Rationale for future Antarctic and Southern Ocean drilling

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Author(s): De Santis, Laura; Gohl, Karsten; Larter, Rob; Escutia, Carlota; Ikehara, Minoru; Hong, Jong Kuk; Naish, Tim; Barrett, Peter; Rack, Frank; Wellner, Julia
Author Affiliation(s): Primary:
Istituto Nazionale di Oceanografia e di Geofisica Sperimentale, Sgonico, Italy
Alfred Wegener Institute, Germany
British Antarctic Survey, United Kingdom
University of Granada, Spain
Kochi University, Japan
Korean Polar Research Institute, South Korea
Victoria University of Wellington, New Zealand
University of Nebraska-Lincoln, United States
University of Houston, United States
Volume Title: European Geosciences Union general assembly 2013
Source: Geophysical Research Abstracts, Vol.15; European Geosciences Union general assembly 2013, Vienna, Austria, April 7-12, 2013. Publisher: Copernicus GmbH on behalf of the European Geosciences Union (EGU), Katlenburg-Lindau, Germany. ISSN: 1029-7006
Note: In English
Summary: Valuable insights into future sensitivity of the Antarctic cryosphere to atmospheric and oceanic warming can be gained from the geologic record of past climatic warm intervals. Continental to deep ocean sediments provide records of contemporaneous changes in ice sheet extent and oceanographic conditions that extend back in time, including periods with atmospheric CO2 levels and temperatures similar to those likely to be reached in the next 100 years. The Circum-Antarctic region is under-sampled respect to scientific ocean drilling. However, recovery from glacially-influenced, continental shelf and rise sediments (expeditions ODP178, 188 and IODP 318), provided excellent records of Cenozoic climate and ice sheet evolution. The ANtarctic DRILLing program achieved >98% recovery on the Ross Sea shelf with a stable platform on fast ice with riser drilling technology. Newer technologies, such as the MeBo shallow drilling rig will further improve Antarctic margin drilling. Drilling around Antarctica in the past decades revealed cooling and regional ice growth during the Cenozoic, coupled with paleogeographic, CO2 atmosphere concentration and global temperature changes. Substantial progress has been made in dating sediments and in the interpretation of paleoclimate/paleoenvironmental proxies in Antarctic margin sediments (e.g. orbital scale variations in Antarctica's cryosphere during the Miocene and Pliocene). Holocene ultra-high resolution shelf sections recently recovered can be correlated to the ice core record, to detect local mechanisms versus inter-hemispheric connections. While the potential for reconstructing past ice sheet history has been demonstrated through a careful integration of geological and geophysical data with numerical ice sheet modelling, uncertainties remain high due to the sparse geographic distribution of the records and the regional variability in the ice sheet's response. Projects developed using a multi-leg, multi-platform approach (e.g. latitudinal and/or depth transects involving a combination of land/ice shelf, seabed, riser, and riserless drilling platforms) will likely make the most significant scientific advances. Fundamental hypothesis can be tested and accomplished by drilling depth transects from ice-proximal to ice-distal locations, that will enable researchers to link past perturbations in the ice sheet with Southern Ocean and global climate dynamics. The variable response of the ice sheet to ongoing climatic change mandates broad geographic drilling coverage, particularly in climatically sensitive regions, like those with large upstream drainage basins, whose marine terminus is presently melting, due to ocean, warming water impinging the continental shelf. Key transects were identified at community workshops (http://www.scar-ace.org) in the frame of the SCAR/ACE (Antarctic Climate Evolution) and PAIS (Past Antarctic Ice Sheet dynamics) programs. New proposals, also for MSP expeditions were then submitted to IODP, in addition to the existing ones, in the frame of a scientific concerted strategy and with a significant European participation. Main questions underpinning future scientific drilling tied IODP Science themes: How did and will the Antarctic Ice Sheets respond to elevated temperatures and atmospheric pCO2? What is the contribution of Antarctic ice to past and future sea level changes? What was the timing of rifting and subsidence controlling the opening of ocean gateways and the initiation of the circumpolar current system and the onset of glaciations? [Copyright Author(s) 2013. CC Attribution 3.0 License: https://creativecommons.org/licenses/by/3.0/legalcode]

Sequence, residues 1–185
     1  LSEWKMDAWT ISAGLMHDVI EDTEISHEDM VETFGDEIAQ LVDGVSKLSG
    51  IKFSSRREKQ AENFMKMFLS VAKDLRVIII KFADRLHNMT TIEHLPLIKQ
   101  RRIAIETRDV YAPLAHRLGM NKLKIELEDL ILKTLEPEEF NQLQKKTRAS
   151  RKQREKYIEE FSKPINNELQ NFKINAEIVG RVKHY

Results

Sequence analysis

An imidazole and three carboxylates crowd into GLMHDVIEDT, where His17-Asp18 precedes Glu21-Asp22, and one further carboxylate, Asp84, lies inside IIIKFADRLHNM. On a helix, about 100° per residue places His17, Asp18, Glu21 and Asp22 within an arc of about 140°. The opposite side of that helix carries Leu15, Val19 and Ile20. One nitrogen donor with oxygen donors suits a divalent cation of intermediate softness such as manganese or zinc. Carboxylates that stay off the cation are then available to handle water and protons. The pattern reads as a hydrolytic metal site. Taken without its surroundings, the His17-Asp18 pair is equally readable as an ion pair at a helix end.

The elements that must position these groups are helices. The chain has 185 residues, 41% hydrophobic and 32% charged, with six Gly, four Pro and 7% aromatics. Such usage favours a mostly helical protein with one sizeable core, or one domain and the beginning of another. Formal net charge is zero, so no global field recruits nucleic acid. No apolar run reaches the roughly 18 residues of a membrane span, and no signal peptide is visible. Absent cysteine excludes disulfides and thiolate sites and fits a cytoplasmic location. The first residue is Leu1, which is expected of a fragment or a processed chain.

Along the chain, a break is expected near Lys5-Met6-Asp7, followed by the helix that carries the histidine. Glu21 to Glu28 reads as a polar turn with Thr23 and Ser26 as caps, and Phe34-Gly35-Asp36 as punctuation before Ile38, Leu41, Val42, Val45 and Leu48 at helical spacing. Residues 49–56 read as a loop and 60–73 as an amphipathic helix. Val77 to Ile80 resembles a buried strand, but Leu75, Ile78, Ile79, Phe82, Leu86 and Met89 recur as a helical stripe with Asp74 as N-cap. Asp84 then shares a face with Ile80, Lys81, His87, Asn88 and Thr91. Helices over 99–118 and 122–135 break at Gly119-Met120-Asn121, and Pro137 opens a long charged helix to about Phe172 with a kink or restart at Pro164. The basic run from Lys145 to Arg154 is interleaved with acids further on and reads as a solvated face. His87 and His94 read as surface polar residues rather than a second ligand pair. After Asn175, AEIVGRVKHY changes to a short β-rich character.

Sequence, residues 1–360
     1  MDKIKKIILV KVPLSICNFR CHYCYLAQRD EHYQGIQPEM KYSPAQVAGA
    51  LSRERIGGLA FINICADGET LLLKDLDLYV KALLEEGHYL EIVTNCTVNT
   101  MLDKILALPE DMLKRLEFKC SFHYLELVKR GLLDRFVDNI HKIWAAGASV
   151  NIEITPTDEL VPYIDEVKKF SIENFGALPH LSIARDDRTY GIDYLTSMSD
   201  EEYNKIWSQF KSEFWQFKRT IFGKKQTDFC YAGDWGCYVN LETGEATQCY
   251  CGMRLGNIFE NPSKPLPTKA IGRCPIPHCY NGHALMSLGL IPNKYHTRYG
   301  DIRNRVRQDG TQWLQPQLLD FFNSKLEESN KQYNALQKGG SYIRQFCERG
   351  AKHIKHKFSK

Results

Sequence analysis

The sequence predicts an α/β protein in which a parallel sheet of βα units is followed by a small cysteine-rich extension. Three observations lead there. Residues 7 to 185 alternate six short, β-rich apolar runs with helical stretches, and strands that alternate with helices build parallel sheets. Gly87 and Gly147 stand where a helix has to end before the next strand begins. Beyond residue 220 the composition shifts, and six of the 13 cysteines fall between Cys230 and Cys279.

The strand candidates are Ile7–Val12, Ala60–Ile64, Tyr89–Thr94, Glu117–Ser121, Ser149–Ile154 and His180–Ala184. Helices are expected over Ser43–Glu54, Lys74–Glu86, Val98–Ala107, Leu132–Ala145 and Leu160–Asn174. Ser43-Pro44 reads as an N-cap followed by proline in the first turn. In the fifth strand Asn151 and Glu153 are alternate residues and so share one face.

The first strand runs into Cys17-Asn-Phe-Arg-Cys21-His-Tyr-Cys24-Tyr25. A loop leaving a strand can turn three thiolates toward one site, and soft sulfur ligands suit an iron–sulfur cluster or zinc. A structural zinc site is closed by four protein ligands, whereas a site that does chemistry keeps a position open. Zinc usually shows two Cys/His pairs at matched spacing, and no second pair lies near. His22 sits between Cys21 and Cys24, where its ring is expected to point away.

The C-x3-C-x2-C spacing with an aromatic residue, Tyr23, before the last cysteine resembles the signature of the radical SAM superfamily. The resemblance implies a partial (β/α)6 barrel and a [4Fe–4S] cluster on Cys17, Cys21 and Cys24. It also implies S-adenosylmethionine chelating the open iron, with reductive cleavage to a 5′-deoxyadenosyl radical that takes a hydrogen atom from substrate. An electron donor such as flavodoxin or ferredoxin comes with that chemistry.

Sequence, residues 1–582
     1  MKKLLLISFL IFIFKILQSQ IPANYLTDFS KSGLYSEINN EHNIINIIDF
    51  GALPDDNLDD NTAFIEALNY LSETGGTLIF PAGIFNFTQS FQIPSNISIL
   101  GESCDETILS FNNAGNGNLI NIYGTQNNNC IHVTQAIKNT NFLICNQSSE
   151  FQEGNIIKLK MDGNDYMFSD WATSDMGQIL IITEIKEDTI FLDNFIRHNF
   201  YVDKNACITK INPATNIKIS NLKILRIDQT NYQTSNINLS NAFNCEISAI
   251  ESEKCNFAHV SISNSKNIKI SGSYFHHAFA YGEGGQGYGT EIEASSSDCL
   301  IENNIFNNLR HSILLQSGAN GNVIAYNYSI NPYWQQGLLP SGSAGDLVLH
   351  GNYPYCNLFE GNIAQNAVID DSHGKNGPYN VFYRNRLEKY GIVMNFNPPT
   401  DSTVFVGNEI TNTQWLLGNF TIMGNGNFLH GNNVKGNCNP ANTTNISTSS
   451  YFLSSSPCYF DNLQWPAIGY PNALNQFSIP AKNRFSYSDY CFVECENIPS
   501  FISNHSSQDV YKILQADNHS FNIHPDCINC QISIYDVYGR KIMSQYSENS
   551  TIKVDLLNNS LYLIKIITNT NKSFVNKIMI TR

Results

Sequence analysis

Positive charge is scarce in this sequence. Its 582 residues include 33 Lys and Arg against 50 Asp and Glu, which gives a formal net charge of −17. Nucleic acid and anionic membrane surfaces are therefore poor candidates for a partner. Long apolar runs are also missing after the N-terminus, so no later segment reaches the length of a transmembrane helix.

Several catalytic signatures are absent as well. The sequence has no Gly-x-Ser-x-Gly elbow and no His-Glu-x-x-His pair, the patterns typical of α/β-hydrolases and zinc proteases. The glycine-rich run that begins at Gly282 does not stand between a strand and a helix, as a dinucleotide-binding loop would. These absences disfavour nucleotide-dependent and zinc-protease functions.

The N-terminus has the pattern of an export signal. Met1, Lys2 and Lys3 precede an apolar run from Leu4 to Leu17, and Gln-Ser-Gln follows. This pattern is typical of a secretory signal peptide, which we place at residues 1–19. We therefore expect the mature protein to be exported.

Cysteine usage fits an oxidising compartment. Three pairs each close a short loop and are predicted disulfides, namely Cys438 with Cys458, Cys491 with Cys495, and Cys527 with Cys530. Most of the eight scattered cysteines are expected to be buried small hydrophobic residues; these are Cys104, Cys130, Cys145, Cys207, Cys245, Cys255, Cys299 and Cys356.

Year of Publication: 2013
Research Program: IODP Integrated Ocean Drilling Program
ODP Ocean Drilling Program
Key Words: 30 Engineering Geology; ANDRILL; Antarctica; Carbon dioxide; Expedition 318; Integrated Ocean Drilling Program; Leg 178; Leg 188; Ocean Drilling Program; Southern Ocean
Coordinates: S673400 S634800 W0640000 W0783000
S674500 S640000 E0750000 E0670000
Record ID: 2018065811
Copyright Information: GeoRef, Copyright 2019 American Geosciences Institute. Reference includes data from European Geosciences Union, Munich, Germany